His poem ‘So You Want To Be A Writer’ explains his philosophy well,and should be read by anybody aspiring to be a writer.

‘So You Want To Be A Writer’

Charles Bukowski, 19201994
if it doesn’t come bursting out of you
in spite of everything,
don’t do it.
unless it comes unasked out of your
heart and your mind and your mouth
and your gut,
don’t do it.
if you have to sit for hours
staring at your computer screen
or hunched over your
searching for words,
don’t do it.
if you’re doing it for money or
don’t do it.
if you’re doing it because you want
women in your bed,
don’t do it.
if you have to sit there and
rewrite it again and again,
don’t do it.
if it’s hard work just thinking about doing it,
don’t do it.
if you’re trying to write like somebody
forget about it.

if you have to wait for it to roar out of
then wait patiently.
if it never does roar out of you,
do something else.

if you first have to read it to your wife
or your girlfriend or your boyfriend
or your parents or to anybody at all,
you’re not ready.

don’t be like so many writers,
don’t be like so many thousands of
people who call themselves writers,
don’t be dull and boring and
pretentious, don’t be consumed with self-
the libraries of the world have
yawned themselves to
over your kind.
don’t add to that.
don’t do it.
unless it comes out of
your soul like a rocket,
unless being still would
drive you to madness or
suicide or murder,
don’t do it.
unless the sun inside you is
burning your gut,
don’t do it.

when it is truly time,
and if you have been chosen,
it will do it by
itself and it will keep on doing it
until you die or it dies in you.

there is no other way.

and there never was.

Richard Brautigan

Richard Brautigan is one of the most unusual writers you’ll come across. His style has been described as naive,and he’s certainly surreal,humorous and dark in places. I love his novels,short stories and poetry. He has a unique style,with very short chapters,sometimes of only a couple of sentences. His prose reads like poetry,with clever metaphors.

I discovered him by chance,while working at Marylebone public library in Westminster,London in the early 1970s. I was drawn to the unusual title and the cover photo of ‘The Abortion : An Historical Romance 1966’. The story is set in a strange library,where the books on the shelves are brought in by the people that wrote them. It reminds me a little of epublishing,now that I think of it. There’s a romance between the shy librarian and a stunningly beautiful poet. Brautigan poses with a singer called Victoria Damalgoski in the cover photo – she was a folk singer who made a couple of albums,but has since disappeared. She’s a dead ringer for Vida in the story.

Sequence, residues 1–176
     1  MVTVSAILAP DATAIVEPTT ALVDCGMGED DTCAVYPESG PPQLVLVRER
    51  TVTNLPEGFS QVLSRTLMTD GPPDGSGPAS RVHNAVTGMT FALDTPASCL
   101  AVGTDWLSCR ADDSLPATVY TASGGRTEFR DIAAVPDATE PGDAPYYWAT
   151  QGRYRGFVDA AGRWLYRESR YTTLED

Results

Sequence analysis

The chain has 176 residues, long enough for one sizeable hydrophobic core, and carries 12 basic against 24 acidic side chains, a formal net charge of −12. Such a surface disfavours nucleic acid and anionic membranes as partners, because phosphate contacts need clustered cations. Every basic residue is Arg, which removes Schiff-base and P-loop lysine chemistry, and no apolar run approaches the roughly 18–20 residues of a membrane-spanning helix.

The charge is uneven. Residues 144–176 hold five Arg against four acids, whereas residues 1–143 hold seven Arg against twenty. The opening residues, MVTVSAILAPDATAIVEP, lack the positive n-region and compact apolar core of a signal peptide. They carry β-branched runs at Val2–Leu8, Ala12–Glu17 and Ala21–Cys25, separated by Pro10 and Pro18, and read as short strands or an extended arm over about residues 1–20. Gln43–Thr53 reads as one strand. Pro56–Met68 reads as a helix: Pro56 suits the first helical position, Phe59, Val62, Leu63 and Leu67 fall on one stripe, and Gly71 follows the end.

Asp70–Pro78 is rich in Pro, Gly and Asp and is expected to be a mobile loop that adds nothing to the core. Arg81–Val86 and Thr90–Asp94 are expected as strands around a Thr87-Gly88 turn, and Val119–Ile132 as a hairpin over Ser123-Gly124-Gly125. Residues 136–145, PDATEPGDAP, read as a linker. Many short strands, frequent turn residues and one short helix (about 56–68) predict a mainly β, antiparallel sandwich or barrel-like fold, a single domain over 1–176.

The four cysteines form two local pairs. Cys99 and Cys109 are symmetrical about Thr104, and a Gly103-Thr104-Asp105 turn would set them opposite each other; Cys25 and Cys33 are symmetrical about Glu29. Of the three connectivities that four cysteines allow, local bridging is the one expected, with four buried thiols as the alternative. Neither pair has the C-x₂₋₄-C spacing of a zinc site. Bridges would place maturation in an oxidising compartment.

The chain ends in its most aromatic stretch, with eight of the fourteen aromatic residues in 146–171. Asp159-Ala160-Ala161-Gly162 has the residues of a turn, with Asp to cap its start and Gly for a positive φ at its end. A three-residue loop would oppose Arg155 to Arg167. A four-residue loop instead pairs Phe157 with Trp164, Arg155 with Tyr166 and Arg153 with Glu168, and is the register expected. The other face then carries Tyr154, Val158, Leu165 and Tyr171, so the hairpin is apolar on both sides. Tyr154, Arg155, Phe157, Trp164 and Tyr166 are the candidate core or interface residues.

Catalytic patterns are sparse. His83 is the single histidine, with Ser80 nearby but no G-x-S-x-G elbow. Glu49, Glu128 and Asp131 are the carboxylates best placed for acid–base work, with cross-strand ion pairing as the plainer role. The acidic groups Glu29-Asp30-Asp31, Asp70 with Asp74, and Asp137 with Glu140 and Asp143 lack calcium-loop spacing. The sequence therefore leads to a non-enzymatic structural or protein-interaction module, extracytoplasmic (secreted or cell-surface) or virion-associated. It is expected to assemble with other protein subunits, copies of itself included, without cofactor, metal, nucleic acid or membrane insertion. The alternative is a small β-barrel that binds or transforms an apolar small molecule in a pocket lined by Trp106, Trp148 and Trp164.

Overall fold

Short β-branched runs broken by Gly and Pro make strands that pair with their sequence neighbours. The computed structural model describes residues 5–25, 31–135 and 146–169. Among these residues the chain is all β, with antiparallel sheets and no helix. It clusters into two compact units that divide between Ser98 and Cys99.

Brautigan’s writing makes you think,and some of his observations are wistful and chillingly accurate. One of my favourite works is ‘The Hawkline Monster:A Gothic Western’,which is violent,sexy and funny. It has one of the most amusing entities in fiction. The characters of the cowboy gunmen must surely have influenced Patrick deWitt in his writing of ‘The Sister Brothers’.


Sadly Brautigan’s sales and fame waned in the late seventies and eighties. He fell prey to various mental maladies including depression,and descended into alcoholism. Long obsessed with suicide,he took his own life in 1984. I miss him.

Snoopy and ‘It was a dark and stormy night.’

While approaching literary agents and publishers in the last couple of months,my memory drifted back to some old Peanuts cartoon strips.

I’m sure that we all recognise the situations below. Snoopy often begins his stories with the phrase ‘It was a dark and story night.’ This was coined by Edward Bulwer-Lytton,who was an influential English novelist of the nineteenth century. 


He also came up with the phrases ‘the great unwashed’,’the pursuit of the almighty dollar’ and ‘the pen is mightier than the sword’.
He could wax lyrical as well,and as I get older turning into a silver wolf,I take comfort in his observation :